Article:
Robotic milker leads to improved farm profitability
Published: 28 Dec 2012 13:000 comments
Riverside farm on Grogey Road near Fivemiletown has just installed a Voluntary Milking System(robotic milking system) for its herd of 80 cows which can milk 24/7 at the cows' convenience and without any input from the McClure family.
Farm owners Ian and Henry McClure have a large and diversified farm enterprise in the Clogher Valley near the Colebrooke River. Ian McClure is also Chairman of Fivemiletown Creamery -a farmer owned Co-operative Society while his son Henry manages the dairy enterprise and is married to Nicki a schoolteacher. They have three children, Jordan, Kacey- Leigh and baby Jenson. Both Nicki and Henry value their time together so optimising their family lifestyle is very important to them and their children.
The average yield for their commercial dairy herd was around 7,000 litres (over 1,500 gallons) at 4.2% butterfat and 3.2% protein. Cows are fed on a TMR system and the diet includes wheaten straw, grass silage, liquid Glycerine (Henry is delighted with the results) and a blend supplied by John Thompson and Sons Ltd.
The old plant which was installed in 1978 had six units with recording jars. According to Henry it was taking two or more hours to milk the cows. So they were spending four to four and 1/2 hours a day just milking the cows. Henry wanted to increase milk production without increasing cow numbers so he carefully investigated the options available.
As well as the dairy cows, the McClure family also have a birth to bacon pig enterprise and a Charolais x Simmental suckler herd taking progency from birth to beef and some pedigree Charolais cattle. With cows to be milked all year round, the family made a substantial investment last December in plant and equipment to improve productivity and profitability on the dairy enterprise.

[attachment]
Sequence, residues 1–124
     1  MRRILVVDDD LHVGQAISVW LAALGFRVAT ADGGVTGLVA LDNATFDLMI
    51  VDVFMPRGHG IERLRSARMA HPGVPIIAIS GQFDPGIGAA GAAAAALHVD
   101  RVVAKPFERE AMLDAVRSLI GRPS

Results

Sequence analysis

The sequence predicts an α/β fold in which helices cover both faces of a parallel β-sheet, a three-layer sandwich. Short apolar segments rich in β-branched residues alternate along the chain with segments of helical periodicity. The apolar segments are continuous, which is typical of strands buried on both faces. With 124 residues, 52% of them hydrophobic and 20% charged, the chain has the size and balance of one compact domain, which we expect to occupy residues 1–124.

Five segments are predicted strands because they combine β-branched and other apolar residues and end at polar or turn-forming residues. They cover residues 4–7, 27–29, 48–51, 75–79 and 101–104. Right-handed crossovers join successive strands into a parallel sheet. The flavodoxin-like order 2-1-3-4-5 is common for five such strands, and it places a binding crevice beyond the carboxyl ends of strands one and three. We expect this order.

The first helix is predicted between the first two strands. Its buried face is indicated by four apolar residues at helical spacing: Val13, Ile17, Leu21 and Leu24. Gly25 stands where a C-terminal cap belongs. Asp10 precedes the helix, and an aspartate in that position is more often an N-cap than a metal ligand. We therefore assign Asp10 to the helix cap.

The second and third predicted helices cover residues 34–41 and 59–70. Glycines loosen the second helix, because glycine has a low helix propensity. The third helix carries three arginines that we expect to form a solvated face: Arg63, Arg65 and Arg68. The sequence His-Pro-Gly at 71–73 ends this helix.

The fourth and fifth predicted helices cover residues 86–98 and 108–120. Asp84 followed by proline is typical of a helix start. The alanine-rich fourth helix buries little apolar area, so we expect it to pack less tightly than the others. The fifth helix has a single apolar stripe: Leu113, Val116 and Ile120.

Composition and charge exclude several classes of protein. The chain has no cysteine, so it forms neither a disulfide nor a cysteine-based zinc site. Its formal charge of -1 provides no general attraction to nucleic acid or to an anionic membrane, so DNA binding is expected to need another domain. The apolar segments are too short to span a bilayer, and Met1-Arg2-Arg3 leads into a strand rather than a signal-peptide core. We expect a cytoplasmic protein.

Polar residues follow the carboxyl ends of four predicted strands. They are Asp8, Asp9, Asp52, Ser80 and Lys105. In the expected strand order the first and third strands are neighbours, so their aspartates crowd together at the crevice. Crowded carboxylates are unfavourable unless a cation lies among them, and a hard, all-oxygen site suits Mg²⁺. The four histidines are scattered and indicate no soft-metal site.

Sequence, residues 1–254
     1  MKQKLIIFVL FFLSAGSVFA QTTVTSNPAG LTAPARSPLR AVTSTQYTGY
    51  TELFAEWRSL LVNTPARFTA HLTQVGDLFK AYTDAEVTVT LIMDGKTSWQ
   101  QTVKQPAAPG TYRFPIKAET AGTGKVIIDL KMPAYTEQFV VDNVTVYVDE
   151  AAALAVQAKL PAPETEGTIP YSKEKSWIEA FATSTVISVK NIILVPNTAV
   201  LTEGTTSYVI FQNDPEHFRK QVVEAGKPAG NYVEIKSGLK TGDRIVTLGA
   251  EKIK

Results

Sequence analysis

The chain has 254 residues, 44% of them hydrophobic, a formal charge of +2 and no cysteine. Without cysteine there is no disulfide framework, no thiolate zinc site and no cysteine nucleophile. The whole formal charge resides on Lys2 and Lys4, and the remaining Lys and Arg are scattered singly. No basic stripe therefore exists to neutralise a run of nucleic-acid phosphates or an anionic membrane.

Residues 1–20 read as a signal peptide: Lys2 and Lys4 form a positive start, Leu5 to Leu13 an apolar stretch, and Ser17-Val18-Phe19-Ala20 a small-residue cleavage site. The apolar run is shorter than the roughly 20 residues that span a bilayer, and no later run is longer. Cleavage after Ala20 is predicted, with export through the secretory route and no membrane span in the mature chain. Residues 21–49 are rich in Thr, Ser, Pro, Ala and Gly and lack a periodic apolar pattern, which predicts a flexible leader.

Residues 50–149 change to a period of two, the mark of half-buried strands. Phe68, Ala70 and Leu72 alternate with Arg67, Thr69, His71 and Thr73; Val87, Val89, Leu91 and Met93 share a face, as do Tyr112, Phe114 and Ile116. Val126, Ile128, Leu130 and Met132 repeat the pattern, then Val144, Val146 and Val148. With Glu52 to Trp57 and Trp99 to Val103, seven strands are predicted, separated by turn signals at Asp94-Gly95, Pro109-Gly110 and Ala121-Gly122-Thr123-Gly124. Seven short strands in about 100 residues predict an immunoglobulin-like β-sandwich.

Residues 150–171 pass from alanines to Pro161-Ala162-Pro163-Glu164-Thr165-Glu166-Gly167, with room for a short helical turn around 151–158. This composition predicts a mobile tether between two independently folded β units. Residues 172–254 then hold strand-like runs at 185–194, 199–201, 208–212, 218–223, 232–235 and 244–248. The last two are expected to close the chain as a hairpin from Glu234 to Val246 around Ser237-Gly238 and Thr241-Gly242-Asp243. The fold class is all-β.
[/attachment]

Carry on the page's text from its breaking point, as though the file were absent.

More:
They opted for the DeLaval VMS (Voluntary Milking System) which includes a computerised cleaning and feeding system for the cows while milking is in progress. Henry is feeding the Glycerine in a second dispenser in the VMS which gives targeted cows extra energy. This has proved to be a great help in maximising the full potential yield.
In addition they also invested in DeLaval activity meters which detects even so-called "silent heats" with detection rates of up to 95%. The cows also have access to an automatic cow brush for grooming themselves, out of parlour feeders when they get hungry and their cubicles are cleaned 24/7 by the DeLaval RS420S robotic scraper. Henry wanted to increase milk production per cow and has achieved this with the VMS system.
"I notice the freshly calved cows in particular are milking much better. It's a lot easier on them, they are under less pressure as they go and get themselves milked three times a day."
The McClure family also invested in the DeLaval Smart selection gate SSG system. This allows Henry to pre-select cows so only those with milking permission are allowed in to the DeLaval VMS.
Cows quickly learn how to use the DeLaval SSG. It becomes part of their natural routine and saves hours of unproductive cow fetching time. Henry has no cows to collect that have not been milked. However cows always have access to feed so the herd is very contented.
This investment has reduced the labour and time required (one less full-time man is employed). It has also reduced costs, optimised milk production, improved animal health and welfare. All this sophisticated equipment was installed last December by their local DeLaval dealer, Albert Jones from Ederney, Co. Fermanagh.
According to Henry these include "improved cow welfare and reduced labour required. Our cows are no longer stranding in yard for one to two hours waiting to be milked and milk yield in the freshly calved cows has improved significantly. Since the VMS system was installed yield has increased to almost 8,000 litres.
He says "There is less stress on the cows udder at peak lactation as the cows go to be milked more often. The VMS system has dramatically reduced the cell count to 82,000 from well above 250,000 and mastitis has reduced by over 90% for the whole herd."